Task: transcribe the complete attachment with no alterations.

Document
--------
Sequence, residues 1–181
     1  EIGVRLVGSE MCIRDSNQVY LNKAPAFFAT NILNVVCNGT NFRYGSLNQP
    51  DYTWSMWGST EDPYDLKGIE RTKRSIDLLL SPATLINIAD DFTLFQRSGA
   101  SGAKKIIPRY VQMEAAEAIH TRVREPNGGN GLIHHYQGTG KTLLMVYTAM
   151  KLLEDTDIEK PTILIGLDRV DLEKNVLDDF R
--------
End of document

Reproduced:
Sequence, residues 1–181
     1  EIGVRLVGSE MCIRDSNQVY LNKAPAFFAT NILNVVCNGT NFRYGSLNQP
    51  DYTWSMWGST EDPYDLKGIE RTKRSIDLLL SPATLINIAD DFTLFQRSGA
   101  SGAKKIIPRY VQMEAAEAIH TRVREPNGGN GLIHHYQGTG KTLLMVYTAM
   151  KLLEDTDIEK PTILIGLDRV DLEKNVLDDF R